Kola Urundai is very famous across South India and each and every province have their own version of making these balls usually made using either minced chicken or mutton. And Vazhakkai Kola Urundai is the vegetarian or vegan version of the same meat balls in which raw banana or plantain is used as a substitute for minced meat. My Grandma used to make a lip smacking kola urundai, but then she is an expert when it comes to cooking vazhakkai as she had lots of plantain trees in her backyard.
I had been happily following the same recipe as it was awesome until I had a chance to have these in a Chettinad Achi’s house. It was outstanding. The texture and the taste was just perfect. When I checked out her recipe, the contents were the same but the only difference was in the procedure. I earlier used to add all the ingredients raw except for the plantain, but she asked me cook the entire contents before grinding. As a result, very less water is needed to grind and the texture and taste was just great.
These vazhakkai kola urundai has multiple uses. You can either serve it as side dish to rice as you would serve vazhakkai chips or use it as a kofta in Chettinad masla kuzhambu, which I shall share the recipe later on or simply serve it as an evening snack with tomato ketchup which the kids will definitely love to eat. If you follow the recipe to the T, these balls will not even use that much oil even though you are deep frying them.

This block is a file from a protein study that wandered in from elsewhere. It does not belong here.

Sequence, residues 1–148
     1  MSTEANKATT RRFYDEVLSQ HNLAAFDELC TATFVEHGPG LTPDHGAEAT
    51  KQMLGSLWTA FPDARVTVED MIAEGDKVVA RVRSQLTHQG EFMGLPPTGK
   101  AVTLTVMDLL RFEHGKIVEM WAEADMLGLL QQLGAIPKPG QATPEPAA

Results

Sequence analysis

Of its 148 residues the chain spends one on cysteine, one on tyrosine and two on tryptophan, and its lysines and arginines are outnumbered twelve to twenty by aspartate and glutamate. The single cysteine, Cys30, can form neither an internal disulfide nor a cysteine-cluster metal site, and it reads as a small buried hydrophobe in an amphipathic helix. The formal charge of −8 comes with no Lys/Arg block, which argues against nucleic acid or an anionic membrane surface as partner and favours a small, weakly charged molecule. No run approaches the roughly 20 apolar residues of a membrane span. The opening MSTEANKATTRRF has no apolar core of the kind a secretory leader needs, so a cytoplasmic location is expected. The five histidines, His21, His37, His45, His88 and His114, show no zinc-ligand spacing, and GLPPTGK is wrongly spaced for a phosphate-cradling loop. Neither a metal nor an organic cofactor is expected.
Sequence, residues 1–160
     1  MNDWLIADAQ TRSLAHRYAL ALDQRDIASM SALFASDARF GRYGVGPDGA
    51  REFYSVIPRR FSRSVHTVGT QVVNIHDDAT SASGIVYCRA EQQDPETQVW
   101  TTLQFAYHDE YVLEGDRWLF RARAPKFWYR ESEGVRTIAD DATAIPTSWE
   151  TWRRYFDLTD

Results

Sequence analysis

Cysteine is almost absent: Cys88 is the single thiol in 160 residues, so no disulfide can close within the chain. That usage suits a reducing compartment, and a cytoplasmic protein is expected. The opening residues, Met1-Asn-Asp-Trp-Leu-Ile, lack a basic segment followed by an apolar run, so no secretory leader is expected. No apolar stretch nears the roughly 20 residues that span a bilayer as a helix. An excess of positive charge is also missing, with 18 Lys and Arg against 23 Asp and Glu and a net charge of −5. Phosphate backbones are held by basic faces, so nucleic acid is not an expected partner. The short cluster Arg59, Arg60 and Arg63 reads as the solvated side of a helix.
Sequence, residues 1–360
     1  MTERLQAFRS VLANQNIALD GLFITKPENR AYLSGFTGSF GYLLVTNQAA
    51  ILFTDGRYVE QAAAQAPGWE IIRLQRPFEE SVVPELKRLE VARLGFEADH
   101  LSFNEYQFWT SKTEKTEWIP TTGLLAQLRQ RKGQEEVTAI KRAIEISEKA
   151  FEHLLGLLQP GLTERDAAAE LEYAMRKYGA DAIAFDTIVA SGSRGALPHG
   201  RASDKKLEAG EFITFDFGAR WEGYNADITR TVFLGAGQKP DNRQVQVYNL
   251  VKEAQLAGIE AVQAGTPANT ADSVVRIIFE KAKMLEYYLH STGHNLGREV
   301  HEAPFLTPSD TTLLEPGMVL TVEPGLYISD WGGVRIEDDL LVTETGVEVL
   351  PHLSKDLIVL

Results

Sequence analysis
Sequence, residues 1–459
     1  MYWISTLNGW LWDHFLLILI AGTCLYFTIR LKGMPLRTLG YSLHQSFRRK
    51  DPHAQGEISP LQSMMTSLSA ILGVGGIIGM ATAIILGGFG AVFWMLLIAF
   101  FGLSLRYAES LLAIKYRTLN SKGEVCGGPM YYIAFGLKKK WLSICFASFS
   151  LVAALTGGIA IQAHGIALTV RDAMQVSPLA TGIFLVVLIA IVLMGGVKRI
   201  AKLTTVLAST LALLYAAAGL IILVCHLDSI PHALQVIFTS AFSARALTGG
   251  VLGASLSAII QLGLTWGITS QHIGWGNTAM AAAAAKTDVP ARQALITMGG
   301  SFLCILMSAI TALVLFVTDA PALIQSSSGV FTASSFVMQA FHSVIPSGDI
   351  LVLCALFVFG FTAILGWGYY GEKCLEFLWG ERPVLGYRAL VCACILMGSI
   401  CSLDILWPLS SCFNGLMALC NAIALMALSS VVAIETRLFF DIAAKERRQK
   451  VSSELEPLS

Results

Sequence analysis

- Do not reduce the quantity of red chili powder. As we will be adding roasted gram powder in the end, the spice level will even out.
- Instead of pressure cooking, you can also cook the plantain in a open vessel filled with water but it will take some time.
- Do not dump the entire roasted gram powder at one go. I still had 1 tbsp of powder left out.
- If you do not have roasted gram dal, then you many use chickpea flour (besan/kadalai maavu)).
- Do not add more than necessary amount of water. The coconut will provide enough moisture and grease.
- After making the balls, always keep it covered as they tend to crack upon drying out.